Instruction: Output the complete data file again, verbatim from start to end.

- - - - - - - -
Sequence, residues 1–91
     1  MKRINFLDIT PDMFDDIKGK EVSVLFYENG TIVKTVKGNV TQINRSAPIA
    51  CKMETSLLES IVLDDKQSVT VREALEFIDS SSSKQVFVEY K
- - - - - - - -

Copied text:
Sequence, residues 1–91
     1  MKRINFLDIT PDMFDDIKGK EVSVLFYENG TIVKTVKGNV TQINRSAPIA
    51  CKMETSLLES IVLDDKQSVT VREALEFIDS SSSKQVFVEY K